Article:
Area farmers’ markets opening up for summer
By Abigail Thorpe
Springtime in the Idaho Panhandle means it’s again time for fresh produce and farm products. It’s the season to start living off the land again (if you haven’t been all winter), and the Kootenai County Farmers’ Market is back with loads of fresh goodness to make the most of the warmer season.
The Saturday market will be opening up as planned on May 9 (as of press time) at the Hayden site on the corner of Highway 95 and Prairie Avenue. The market will be modified to ensure the safety of all vendors and customers, says Saturday Market Manager Natalie Selbe.
The Wednesday market opening, which takes place in Downtown Coeur d’Alene on Fifth Street will be postponed until at least June as a result of the COVID-19 pandemic. Its opening depends on when event permits are issued for the area, adds Selbe.
The Hayden market opening will be one of the first annual events locals return to the streets for since most unessential businesses closed or reduced hours and the state issued a state-wide stay-at-home order. Everything is not back to normal by any means, and the market will be taking efforts to protect its vendors and customers. The market presents a much-anticipated opportunity to access essential fresh fruits, vegetables and food products while supporting local growers in the process.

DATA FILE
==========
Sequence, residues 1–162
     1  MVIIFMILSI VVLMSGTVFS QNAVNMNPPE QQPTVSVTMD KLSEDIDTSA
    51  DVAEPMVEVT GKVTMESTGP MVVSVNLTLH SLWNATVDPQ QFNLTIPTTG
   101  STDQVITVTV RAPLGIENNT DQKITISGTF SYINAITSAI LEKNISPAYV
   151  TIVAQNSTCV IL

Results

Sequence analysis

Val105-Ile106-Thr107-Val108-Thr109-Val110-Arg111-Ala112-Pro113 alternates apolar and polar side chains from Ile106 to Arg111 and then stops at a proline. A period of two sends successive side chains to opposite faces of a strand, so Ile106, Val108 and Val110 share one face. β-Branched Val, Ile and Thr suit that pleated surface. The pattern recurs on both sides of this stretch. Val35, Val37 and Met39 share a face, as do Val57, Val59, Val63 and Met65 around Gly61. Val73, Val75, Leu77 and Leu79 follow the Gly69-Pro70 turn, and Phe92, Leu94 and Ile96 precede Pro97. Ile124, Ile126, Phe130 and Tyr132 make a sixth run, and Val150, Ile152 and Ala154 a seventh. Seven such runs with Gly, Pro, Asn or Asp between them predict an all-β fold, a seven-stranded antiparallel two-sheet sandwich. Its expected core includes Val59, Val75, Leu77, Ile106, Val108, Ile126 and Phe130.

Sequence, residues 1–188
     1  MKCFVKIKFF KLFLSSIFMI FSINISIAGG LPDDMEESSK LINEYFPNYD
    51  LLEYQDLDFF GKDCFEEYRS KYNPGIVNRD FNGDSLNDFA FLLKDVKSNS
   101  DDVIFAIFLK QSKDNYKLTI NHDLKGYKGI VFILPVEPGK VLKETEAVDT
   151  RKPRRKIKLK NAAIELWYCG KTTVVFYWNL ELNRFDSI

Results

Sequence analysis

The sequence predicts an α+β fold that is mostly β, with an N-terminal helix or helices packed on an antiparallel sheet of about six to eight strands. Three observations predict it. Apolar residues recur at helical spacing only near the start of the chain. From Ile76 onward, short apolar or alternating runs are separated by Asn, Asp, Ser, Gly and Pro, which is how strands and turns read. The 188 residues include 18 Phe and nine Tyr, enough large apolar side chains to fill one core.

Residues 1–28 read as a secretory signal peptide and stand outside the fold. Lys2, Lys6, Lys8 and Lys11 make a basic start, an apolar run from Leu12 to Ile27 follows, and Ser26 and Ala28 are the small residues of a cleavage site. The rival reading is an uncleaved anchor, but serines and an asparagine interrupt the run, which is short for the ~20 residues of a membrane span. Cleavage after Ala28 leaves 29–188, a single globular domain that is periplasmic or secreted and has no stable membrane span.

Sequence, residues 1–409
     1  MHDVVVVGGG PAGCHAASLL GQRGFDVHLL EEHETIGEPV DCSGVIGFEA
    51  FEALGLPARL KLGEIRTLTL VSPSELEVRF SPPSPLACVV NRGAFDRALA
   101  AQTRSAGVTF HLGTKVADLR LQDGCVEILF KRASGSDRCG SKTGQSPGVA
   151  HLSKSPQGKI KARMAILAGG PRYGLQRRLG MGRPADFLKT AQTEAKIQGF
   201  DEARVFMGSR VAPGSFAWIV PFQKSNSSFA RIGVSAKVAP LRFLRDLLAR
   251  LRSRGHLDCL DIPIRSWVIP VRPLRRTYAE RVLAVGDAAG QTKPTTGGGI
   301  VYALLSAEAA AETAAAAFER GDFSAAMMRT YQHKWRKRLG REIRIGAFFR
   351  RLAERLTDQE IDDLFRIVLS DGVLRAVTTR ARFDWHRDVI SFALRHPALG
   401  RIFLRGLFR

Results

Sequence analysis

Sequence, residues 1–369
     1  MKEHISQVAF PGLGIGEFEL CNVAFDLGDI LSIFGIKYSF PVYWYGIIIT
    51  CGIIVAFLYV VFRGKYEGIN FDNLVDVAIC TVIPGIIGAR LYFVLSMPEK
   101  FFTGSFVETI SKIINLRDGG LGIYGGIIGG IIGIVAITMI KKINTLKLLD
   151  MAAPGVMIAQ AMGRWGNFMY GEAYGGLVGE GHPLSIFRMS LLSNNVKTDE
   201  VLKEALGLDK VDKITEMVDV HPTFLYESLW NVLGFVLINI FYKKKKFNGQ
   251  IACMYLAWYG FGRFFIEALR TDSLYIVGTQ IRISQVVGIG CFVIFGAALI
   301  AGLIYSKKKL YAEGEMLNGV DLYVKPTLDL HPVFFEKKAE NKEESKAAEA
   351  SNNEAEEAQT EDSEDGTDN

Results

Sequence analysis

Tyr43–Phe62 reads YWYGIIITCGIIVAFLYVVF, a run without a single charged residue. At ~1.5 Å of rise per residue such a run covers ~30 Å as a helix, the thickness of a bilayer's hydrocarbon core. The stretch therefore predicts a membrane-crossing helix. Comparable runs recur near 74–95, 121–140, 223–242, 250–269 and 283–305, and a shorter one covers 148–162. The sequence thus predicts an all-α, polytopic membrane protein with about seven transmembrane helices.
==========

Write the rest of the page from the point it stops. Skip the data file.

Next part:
The Kootenai County Farmers Market started in 1986 in the Coeur d’Alene area as a means of providing fresh, locally grown produce to the community. Typically operating May through October in a normal year, the markets specialize in vegetables, flowers, native plants and a diverse array of local food products like meats, chesses, bread, honey and jams.
“We are autonomous, producer-only, member-driven, with an elected board of directors,” says Ellen Scriven from Killarney Farms, and a board member who has been with the market since its inception. “[We are] one of the oldest in the region having started in 1986.”
When the market first started on Sherman Avenue in Coeur d’Alene, 25 vendors participated. Now the markets include more than 100 different vendors, many who have been returning to the market for years.